Purushothama Rao Tata, Ph.D. (University of Ulm, Ulm, Germany)
Assistant Professor of Cell Biology
308 Nanaline Duke Bldg., Box 3709
Duke University School of Medicine
Durham, NC 27710
Genetic and epigenetic basis of cell identity and plasticity in regeneration and tumorigenesis
Many human diseases are a result of either a deficit or surfeit in the quantity or functionality of particular cell types. Although the principles of cell fate specification during embryogenesis are rather well documented, it is unclear what mechanisms are used to maintain cell identity and appropriate cell numbers in adult tissues. While the cell autonomous molecular processes defining cell states in both physiological and pathological conditions are being defined with increasing precision using genome-wide inventories, the question of when and how individual cell types interact with one another to maintain their identity remains largely unresolved. In this context Tata lab studies:
i) Defining the cellular heterogeneity and the lineage hierarchies in epithelial tissues
ii) How do individual cells maintain their identity under steady state conditions and in the context of regeneration?
ii) The genetic and epigenetic basis of tissue plasticity associated with regeneration and tumorigenesis
Tata lab focuses on understanding the ensemble properties of tissues in the context of development, homeostasis, regeneration and tumorigenesis in diverse epithelial tissues including lung. We use mouse models of disease that recapitulates the human disease pathology. We utilize genetic, live imaging, cell biological and next generation sequencing technologies including single-cell RNA sequencing to study the behavior of tissues at single cell level.
Tata PR, Rajagopal J. (2017). Plasticity in the lung: making and breaking cell identity. Development. 1;144(5):755-766.
Saladi SV, Ross K, Karaayvaz M, Tata PR, Mou H, Rajagopal J, Ramaswamy S, Ellisen LW. (2017). ACTL6A Is Co-Amplified with p63 in Squamous Cell Carcinoma to Drive YAP Activation, Regenerative Proliferation, and Poor Prognosis. Cancer Cell. 9;31(1):35-49.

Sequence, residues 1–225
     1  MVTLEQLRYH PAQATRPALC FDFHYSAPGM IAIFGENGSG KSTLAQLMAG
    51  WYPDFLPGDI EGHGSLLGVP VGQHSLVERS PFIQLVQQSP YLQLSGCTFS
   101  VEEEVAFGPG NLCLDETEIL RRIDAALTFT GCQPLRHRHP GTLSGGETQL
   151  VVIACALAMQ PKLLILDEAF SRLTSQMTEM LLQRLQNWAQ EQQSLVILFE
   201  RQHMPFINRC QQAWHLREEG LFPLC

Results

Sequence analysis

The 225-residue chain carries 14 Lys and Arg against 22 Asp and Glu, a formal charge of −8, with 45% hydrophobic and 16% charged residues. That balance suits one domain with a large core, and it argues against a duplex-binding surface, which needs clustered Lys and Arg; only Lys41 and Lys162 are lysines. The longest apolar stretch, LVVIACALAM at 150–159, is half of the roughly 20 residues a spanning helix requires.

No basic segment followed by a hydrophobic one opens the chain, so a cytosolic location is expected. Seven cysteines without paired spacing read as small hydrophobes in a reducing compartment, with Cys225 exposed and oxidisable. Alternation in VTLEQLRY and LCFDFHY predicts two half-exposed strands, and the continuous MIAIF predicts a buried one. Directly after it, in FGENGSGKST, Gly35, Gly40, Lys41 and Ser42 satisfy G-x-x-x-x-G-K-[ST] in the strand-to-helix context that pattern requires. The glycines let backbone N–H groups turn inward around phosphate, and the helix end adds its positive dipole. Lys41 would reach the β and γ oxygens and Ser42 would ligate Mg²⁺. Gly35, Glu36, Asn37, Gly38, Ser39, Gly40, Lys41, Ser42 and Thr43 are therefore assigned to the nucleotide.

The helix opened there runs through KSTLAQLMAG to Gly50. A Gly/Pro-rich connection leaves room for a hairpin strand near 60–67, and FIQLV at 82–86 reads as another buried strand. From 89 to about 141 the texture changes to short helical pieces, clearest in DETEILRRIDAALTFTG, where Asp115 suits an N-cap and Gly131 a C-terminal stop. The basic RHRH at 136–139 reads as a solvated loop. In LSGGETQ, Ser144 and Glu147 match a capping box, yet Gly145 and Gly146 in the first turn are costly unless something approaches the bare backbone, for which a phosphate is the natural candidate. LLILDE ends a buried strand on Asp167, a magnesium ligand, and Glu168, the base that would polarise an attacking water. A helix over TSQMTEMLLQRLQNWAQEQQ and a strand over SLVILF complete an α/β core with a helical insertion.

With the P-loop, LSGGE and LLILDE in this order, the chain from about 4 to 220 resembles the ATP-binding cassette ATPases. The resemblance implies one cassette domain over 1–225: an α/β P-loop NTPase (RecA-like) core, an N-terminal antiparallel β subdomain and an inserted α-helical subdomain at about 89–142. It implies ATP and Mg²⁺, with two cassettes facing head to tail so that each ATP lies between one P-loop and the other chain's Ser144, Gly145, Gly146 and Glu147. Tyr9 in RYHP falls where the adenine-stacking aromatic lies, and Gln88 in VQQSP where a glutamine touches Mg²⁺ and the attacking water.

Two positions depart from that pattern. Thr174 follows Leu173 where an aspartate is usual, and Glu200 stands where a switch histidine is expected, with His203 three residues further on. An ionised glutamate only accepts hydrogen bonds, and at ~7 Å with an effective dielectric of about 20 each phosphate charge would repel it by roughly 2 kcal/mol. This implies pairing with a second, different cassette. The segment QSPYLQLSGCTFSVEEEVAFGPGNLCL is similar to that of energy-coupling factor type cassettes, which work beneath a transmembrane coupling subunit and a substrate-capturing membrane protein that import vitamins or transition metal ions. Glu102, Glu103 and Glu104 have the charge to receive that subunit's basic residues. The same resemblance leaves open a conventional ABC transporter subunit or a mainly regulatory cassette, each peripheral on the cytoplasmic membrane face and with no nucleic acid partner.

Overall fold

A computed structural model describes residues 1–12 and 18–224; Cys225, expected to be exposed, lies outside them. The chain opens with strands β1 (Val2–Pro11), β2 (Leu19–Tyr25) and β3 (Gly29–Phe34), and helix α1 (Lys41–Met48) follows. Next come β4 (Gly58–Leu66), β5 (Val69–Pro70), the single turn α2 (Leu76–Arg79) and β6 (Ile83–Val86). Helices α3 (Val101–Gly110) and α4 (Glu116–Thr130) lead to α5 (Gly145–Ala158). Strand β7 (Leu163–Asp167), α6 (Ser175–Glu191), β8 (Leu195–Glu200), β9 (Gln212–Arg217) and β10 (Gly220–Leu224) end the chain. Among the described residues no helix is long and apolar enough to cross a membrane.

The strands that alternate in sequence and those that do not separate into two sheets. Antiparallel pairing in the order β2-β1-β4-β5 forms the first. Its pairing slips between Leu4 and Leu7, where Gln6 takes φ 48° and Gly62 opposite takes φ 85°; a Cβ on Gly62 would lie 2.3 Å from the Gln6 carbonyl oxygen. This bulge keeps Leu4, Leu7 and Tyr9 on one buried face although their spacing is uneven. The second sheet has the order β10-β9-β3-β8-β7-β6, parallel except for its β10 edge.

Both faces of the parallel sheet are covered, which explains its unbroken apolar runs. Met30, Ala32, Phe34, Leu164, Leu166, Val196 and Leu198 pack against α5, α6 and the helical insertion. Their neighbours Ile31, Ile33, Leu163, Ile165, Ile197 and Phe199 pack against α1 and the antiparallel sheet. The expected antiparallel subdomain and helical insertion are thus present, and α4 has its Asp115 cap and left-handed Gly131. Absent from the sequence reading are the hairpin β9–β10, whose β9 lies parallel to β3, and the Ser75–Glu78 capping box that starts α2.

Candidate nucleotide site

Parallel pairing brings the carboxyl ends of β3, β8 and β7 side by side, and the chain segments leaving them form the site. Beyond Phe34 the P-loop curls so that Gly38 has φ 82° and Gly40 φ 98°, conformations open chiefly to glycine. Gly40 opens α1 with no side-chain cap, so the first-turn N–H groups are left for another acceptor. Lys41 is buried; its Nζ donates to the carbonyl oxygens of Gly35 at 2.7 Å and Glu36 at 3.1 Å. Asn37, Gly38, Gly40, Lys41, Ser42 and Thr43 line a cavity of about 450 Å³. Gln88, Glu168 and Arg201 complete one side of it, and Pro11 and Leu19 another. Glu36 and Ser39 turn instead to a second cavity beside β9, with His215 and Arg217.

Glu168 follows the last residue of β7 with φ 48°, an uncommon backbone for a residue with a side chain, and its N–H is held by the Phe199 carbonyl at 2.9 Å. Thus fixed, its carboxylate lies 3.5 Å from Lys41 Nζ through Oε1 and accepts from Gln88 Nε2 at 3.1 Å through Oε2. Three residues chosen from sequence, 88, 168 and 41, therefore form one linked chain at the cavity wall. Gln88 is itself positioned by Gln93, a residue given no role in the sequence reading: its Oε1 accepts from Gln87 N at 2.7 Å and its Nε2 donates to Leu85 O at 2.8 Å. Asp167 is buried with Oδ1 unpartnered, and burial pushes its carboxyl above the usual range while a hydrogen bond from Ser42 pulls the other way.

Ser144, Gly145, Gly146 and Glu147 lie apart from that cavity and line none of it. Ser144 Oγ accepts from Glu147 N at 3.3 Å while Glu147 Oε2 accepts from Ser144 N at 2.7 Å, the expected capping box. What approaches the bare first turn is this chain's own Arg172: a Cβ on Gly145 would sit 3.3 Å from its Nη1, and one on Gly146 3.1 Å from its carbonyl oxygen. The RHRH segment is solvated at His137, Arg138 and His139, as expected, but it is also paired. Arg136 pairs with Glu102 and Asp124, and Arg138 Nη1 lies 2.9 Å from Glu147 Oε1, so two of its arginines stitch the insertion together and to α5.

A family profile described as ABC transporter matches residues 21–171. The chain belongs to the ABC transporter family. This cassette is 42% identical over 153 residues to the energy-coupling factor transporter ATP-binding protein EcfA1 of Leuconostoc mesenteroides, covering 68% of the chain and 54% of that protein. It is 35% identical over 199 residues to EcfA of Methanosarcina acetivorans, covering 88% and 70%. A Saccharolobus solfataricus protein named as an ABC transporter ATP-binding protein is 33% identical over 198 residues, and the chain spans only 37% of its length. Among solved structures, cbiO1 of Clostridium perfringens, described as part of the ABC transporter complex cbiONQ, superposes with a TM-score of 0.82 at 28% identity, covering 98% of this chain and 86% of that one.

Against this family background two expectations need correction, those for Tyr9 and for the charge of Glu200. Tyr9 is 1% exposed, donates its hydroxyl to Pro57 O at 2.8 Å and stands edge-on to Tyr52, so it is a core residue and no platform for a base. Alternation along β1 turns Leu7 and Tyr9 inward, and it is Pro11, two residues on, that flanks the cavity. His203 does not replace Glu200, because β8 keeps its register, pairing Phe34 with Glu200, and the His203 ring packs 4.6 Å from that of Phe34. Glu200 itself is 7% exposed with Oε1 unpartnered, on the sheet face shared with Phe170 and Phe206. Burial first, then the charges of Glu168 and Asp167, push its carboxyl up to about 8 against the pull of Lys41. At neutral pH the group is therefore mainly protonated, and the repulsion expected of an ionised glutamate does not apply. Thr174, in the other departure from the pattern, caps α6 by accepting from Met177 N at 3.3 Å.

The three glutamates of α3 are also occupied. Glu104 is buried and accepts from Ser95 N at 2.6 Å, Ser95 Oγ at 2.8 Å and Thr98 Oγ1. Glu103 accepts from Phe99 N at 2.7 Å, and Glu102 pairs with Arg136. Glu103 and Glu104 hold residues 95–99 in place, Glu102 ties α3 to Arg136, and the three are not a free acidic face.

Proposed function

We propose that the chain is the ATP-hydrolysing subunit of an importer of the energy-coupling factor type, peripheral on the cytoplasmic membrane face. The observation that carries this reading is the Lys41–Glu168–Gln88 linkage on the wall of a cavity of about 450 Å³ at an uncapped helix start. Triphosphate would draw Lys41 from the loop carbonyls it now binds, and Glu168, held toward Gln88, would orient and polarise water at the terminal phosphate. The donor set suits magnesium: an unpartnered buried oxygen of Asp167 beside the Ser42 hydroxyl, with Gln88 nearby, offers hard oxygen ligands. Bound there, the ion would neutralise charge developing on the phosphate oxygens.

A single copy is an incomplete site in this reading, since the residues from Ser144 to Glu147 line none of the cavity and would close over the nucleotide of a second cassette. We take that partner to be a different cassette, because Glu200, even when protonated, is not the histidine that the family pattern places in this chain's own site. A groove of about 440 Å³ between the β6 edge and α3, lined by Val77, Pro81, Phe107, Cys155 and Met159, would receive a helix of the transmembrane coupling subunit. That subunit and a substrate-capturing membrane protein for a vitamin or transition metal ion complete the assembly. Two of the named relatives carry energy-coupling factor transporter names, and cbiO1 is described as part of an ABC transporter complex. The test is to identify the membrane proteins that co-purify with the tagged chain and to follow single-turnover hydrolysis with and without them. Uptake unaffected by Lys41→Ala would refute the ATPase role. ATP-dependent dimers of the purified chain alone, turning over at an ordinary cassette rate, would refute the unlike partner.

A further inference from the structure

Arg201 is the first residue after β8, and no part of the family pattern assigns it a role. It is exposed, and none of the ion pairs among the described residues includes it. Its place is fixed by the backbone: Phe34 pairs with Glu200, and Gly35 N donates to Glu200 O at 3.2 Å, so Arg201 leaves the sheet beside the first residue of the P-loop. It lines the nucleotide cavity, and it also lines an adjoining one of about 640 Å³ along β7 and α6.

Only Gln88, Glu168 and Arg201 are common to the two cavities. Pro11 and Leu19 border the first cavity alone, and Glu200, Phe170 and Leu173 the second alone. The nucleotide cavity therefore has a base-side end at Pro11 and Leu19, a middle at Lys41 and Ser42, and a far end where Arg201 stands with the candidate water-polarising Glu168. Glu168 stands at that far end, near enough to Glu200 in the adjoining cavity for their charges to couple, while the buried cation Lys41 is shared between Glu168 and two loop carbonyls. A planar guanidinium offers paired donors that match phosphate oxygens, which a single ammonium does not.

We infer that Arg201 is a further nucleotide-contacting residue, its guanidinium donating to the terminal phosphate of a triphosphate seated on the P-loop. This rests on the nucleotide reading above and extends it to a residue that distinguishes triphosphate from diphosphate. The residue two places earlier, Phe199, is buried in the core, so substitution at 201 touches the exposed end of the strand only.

Tata PR, Rajagopal J. (2016). Regulatory Circuits and Bi-directional Signaling between Stem Cells and Their Progeny. Cell Stem Cell. 1;19(6):686-689.
Tata PR, Rajagopal J. (2016). Cellular plasticity: 1712 to the present day. Curr Opin Cell Biol. 43:46-54. Review.
Mou H, Vinarsky V, Tata PR, Brazauskas K, Choi SH, Crooke AK, Zhang B, Solomon GM, Turner B, Bihler H, Harrington J, Lapey A, Channick C, Keyes C, Freund A, Artandi S, Mense M, Rowe S, Engelhardt JF, Hsu YC, Rajagopal J. (2016). Dual SMAD Signaling Inhibition Enables Long-Term Expansion of Diverse Epithelial Basal Cells. Cell Stem Cell. 4;19(2):217-31.
Pardo-Saganta A, Tata PR, Law BM, Saez B, Chow RDz, Prabhu M, Gridley T, Rajagopal J. (2015). Parent stem cells can serve as niches for their daughter cells. Nature. 30;523(7562):597-601.
Pardo-Saganta A, Law BM, Tata PR, Villoria J, Saez B, Mou H, Zhao R, Rajagopal J. (2015). Injury induces direct lineage segregation of functionally distinct airway basal stem/progenitor cell subpopulations. Cell Stem Cell. 5;16(2):184-97.
Weidgang CE, Russell R, Tata PR, Kühl SJ, Illing A, Müller M, Lin Q, Brunner C, Boeckers TM, Bauer K, Kartikasari AE, Guo Y, Radenz M, Bernemann C, Weiß M, Seufferlein T, Zenke M, Iacovino M, Kyba M, Schöler HR, Kühl M, Liebau S, Kleger A. (2014). TBX3 Directs Cell-Fate Decision toward Mesendoderm. Stem Cell Reports. 6;2(5):747.
Weidgang CE, Russell R, Tata PR, Kühl SJ, Illing A, Müller M, Lin Q, BrunnerC, Boeckers TM, Bauer K, Kartikasari AE, Guo Y, Radenz M, Bernemann C, Weiß M, Seufferlein T, Zenke M, Iacovino M, Kyba M, Schöler HR, Kühl M, Liebau S, Kleger A. (2013). TBX3 Directs Cell-Fate Decision toward Mesendoderm. Stem Cell Reports. 29;1(3):248-65.
Tata PR, Mou H, Pardo-Saganta A, Zhao R, Prabhu M, Law BM, Vinarsky V, Cho JL, Breton S, Sahay A, Medoff BD, Rajagopal J. (2013). Dedifferentiation of committed epithelial cells into stem cells in vivo. Nature. 14;503(7475):218-23.